Where shareholder approval is required for an amendment to the articles of incorporation, the board of directors shall recommend that the shareholders approve the amendment, unless the board of directors determines that a conflict of interest or other special circumstances exist. Once the recommendation is made, the approval of the amendment requires the approval of the shareholders at a meeting at which a quorum consisting of at least a majority of the shares entitled to be cast on the amendment exists. If a proposed amendment to the articles of incorporation reduces a shareholder’s shares to fractional shares that the corporation has a right to repurchase, a shareholder would have a right to dissent, accompanied by a right to appraisal provided for in F.S. §607.1302(1)(e) and (f).
• Shareholders’ Right to Amend or Repeal Bylaws — Shareholders may amend or repeal the corporation’s bylaws even where the Florida Business Corporation Act also allows a corporation’s board of directors to do so. Furthermore, the Florida Business Corporation Act exclusively gives shareholders the right to amend or repeal a bylaw fixing a greater quorum or voting requirement for the board of directors if the bylaw were originally adopted by the shareholders. Shareholders also have the exclusive right to amend or repeal a bylaw fixing a greater quorum or voting requirement for shareholders where the articles of incorporation to authorize shareholders to so amend the bylaws. The right to amend or repeal a corporation’s bylaws generally or as to specific bylaws may also be reserved exclusively to the shareholders in whole or in part through the corporation’s articles of incorporation.
• Voting and Related Rights in Relation to Corporate Reorganizations — When a corporation changes something as fundamental as its corporate structure and/or restructuring, the Florida Business Corporation Act provides shareholders with certain rights. Three of the forms of corporate reorganization that create shareholder rights are addressed by the Florida Business Corporation Act: merger, share exchange, and the sale of the corporation’s assets.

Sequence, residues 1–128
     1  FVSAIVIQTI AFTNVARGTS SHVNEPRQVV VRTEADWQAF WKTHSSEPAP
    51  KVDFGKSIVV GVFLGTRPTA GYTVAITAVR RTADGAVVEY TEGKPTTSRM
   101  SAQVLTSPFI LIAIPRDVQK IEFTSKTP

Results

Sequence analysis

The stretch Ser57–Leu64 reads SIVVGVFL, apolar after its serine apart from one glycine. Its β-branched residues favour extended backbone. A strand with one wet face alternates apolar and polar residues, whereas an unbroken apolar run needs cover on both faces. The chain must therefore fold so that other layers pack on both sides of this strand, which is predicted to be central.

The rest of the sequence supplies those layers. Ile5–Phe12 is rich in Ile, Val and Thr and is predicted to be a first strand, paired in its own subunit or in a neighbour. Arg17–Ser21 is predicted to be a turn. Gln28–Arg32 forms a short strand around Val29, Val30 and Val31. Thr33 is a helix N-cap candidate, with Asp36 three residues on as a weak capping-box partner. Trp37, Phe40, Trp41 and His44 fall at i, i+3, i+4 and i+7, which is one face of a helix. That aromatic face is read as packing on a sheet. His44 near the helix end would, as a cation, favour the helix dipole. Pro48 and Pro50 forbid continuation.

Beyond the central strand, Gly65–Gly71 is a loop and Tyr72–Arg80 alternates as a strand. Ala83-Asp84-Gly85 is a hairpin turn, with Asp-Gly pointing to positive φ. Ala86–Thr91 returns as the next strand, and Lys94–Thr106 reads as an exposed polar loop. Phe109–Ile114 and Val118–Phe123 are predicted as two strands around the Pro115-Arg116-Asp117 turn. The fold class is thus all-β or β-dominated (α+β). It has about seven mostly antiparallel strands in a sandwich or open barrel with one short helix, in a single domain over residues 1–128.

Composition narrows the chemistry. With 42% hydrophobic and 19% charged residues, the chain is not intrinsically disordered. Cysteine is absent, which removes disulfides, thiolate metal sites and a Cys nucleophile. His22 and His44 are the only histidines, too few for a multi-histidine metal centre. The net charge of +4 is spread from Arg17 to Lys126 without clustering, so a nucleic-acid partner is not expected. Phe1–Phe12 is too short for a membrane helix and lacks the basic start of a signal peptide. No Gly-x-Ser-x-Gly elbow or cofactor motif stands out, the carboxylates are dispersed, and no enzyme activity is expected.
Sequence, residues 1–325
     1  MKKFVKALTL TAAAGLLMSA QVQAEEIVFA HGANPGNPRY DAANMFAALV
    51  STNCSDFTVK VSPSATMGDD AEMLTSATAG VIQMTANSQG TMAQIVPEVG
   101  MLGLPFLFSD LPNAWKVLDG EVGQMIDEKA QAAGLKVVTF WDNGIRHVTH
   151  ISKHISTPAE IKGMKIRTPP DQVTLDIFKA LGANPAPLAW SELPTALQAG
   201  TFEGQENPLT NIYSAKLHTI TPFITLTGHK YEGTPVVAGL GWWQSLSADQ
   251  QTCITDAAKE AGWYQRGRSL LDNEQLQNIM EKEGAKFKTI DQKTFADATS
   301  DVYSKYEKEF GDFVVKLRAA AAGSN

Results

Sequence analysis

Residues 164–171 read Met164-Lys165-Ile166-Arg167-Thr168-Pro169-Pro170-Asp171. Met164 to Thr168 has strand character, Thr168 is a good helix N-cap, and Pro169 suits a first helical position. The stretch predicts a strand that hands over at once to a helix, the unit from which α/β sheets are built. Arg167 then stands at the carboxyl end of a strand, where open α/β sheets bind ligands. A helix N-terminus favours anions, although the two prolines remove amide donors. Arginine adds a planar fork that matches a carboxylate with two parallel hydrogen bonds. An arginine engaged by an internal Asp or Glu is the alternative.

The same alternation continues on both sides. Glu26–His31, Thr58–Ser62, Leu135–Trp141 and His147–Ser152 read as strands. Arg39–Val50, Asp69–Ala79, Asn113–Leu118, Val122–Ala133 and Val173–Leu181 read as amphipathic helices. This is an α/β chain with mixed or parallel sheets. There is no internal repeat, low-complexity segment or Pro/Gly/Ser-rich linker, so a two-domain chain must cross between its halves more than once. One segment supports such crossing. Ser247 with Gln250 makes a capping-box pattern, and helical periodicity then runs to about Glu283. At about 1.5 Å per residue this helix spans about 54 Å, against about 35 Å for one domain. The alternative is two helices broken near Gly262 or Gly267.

Mergers and share exchanges both start with the boards of directors of the two corporations negotiating and approving a plan of merger or share exchange. Generally, both corporations must submit the plan to their respective shareholders and obtain approval by an absolute majority of all shares entitled to vote or such greater proportion as required by the respective corporation’s articles of incorporation.
There are, however, some exceptions to this general rule. In the case of a merger, the shareholders of the surviving corporation are not entitled to vote if the merger plan does not amend the articles of incorporation of the surviving corporation and each outstanding share of the surviving corporation will remain outstanding and identical after the merger of the two corporations. Additionally, shareholder rights to vote as a class with regard to amendments to the articles of incorporation is required even when the amendments to the articles of incorporation happen as part of a merger. In the case of short-form merger, a parent corporation, owning at least 80% of the voting power of each class and series of the outstanding shares of the subsidiary, may merge with the subsidiary corporation without any approval from the shareholders (or the board of directors, for that matter) of the subsidiary corporation, unless such approval is required by the articles of incorporation of either entity or the organic rules of the parent corporation. Under the 2019 amendments to the Florida Business Corporation Act, shareholder rights are now governed by the same provisions that govern shareholder rights in all other mergers.
In the case of a share exchange plan, in addition to winning an absolute majority of all shares entitled to vote, the plan also requires voting as a class or series when the shares of a series or class are to be converted under the plan, or if the plan contains any provision that if contained in a proposed amendment to articles of incorporation, would entitle the class or series to vote separately.